The Academy of Medical Royal Colleges (AMRC) have produced a report insisting that Clinical Excellence Awards (CEAs) are essential to prevent consultants leaving the country, and to incentivise them to do all that stuff that gets them the award.
These two points are, I think, particularly weak, and easy to refute. They are contrived to cover blatant self interest.
Firstly they assert that consultants will leave the country in droves if CEAs are abolished. Does anyone seriously believe that? Consultants stay or go for all sorts of reasons. By the time most of us attain consultant status we have domestic and family commitments that would make emigration a major disruption. Most of us stay here because it is home.
They assert that pay can be better overseas but in fact NHS consultant pay is one of the highest in the world. We are the best paid consultants in Europe. They cite the USA and Australia as offering higher pay. The US of course can be lucrative but it is not easy getting work in the States, and the high salary is eaten away by massive malpractice insurance premiums. Their example of Australia is just plain wrong. Anyone who has looked into going there will confirm that, usually, the rate of pay is lower there than here.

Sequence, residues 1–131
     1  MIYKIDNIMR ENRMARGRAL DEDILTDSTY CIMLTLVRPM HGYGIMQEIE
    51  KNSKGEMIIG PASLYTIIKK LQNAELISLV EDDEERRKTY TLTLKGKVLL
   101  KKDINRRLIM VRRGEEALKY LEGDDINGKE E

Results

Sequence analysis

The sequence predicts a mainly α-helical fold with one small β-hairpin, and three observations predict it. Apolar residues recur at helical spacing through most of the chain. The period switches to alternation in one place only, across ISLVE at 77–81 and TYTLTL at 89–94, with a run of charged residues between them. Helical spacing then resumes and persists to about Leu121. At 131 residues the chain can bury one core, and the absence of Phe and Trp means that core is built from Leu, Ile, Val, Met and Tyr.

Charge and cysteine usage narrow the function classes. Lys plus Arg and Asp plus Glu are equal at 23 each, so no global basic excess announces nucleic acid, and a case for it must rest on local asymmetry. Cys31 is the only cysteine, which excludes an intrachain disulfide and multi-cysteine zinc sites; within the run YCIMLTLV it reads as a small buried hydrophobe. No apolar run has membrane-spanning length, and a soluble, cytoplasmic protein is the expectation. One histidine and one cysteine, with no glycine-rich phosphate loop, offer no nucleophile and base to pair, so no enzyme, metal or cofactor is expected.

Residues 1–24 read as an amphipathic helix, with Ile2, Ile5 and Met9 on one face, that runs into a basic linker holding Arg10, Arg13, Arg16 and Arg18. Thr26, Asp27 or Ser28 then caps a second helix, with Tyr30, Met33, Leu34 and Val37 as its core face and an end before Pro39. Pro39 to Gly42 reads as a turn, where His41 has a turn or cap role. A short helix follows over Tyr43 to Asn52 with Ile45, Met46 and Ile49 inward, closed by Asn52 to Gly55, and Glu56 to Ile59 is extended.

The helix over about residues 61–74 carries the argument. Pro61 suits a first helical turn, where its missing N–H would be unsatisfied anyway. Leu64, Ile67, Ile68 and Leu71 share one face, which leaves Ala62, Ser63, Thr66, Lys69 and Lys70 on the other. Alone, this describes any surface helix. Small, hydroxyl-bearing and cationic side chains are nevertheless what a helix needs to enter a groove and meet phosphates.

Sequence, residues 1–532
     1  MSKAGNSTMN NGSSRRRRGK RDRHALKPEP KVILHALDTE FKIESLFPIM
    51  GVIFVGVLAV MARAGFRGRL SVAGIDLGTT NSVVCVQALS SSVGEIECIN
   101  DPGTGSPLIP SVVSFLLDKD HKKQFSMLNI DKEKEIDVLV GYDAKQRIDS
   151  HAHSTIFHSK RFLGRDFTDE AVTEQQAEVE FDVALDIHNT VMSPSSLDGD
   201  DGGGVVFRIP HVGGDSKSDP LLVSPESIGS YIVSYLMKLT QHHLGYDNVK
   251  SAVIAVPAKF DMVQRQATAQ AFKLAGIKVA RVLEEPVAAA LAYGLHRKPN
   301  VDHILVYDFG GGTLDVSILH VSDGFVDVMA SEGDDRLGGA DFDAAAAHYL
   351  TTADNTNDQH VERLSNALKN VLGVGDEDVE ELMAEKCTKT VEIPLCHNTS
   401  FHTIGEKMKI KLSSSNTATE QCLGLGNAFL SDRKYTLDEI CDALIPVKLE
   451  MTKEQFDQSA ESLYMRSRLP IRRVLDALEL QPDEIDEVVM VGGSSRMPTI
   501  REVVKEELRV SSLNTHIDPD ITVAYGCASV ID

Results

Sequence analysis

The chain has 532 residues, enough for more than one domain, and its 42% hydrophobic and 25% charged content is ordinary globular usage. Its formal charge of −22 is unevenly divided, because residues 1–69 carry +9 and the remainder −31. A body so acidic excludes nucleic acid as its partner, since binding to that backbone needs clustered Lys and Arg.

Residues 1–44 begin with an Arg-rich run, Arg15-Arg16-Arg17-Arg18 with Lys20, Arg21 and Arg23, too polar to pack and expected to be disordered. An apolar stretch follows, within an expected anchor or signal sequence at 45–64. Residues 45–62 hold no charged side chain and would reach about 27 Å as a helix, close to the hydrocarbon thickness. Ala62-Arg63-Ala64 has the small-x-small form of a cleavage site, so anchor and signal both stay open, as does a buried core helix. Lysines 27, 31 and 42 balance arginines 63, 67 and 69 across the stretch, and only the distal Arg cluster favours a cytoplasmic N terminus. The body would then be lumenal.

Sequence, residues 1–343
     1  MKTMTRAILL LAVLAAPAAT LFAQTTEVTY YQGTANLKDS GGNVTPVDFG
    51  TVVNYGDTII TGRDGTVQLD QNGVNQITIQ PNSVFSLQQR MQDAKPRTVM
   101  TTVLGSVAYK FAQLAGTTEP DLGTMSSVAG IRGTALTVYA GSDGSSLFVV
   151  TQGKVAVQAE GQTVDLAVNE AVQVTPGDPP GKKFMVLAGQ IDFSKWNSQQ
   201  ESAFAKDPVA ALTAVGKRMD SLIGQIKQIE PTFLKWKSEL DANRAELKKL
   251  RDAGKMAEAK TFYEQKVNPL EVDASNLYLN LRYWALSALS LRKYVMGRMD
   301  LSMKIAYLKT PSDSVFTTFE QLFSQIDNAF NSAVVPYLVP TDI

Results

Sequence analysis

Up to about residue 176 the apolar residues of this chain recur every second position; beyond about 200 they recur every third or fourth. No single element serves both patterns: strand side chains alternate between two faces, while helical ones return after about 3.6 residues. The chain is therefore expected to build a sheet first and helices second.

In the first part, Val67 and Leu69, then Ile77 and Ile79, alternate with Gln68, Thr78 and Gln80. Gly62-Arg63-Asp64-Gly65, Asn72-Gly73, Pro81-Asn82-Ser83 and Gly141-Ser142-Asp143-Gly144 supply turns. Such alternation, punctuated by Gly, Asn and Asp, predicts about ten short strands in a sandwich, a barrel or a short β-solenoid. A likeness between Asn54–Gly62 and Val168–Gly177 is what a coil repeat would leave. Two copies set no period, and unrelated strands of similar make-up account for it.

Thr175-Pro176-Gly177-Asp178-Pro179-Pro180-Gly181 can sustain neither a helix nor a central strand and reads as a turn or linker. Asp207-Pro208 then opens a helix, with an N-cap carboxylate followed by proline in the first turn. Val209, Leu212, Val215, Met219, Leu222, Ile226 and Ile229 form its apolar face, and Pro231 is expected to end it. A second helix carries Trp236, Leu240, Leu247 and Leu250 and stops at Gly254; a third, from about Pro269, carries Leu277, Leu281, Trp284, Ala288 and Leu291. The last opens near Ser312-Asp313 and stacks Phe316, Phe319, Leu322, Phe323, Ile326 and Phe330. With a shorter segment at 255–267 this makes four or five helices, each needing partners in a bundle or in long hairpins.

So what of incentivisation. If you read the report what they are saying is that no-one would do the other (not extra) work if it were not for the money. This is an assertion that consultants are all totally mercenary, and that all current award holders have only done what has earned them their award for financial gain. In fact I would to a certain extent agree with this, but I am astonished that they have admitted it. Bearing in mind that the individuals involved in this report almost certainly to a man get a high end award, they are essentially admitting that they are all in in for the money alone. And they expect the rest of us to sympathise with, and support them.
I have no doubt that if CEAs were abolished all the extra work would still be done, by different people, with different motivations. People motivated by a desire to make a contribution to research and development rather than self confessed money grabbing greedy bastards. To paraphrase J F Kennedy “ask not what the NHS can do for you, ask what you can do for the NHS.”
So if the AMRC is right, and all the research and development within the NHS is subsequently done, not by the mercenary, but by the dedicated, then that is another excellent reason to get rid of CEAs. And perhaps the money saved could be used to unfreeze pay and increments for all of us.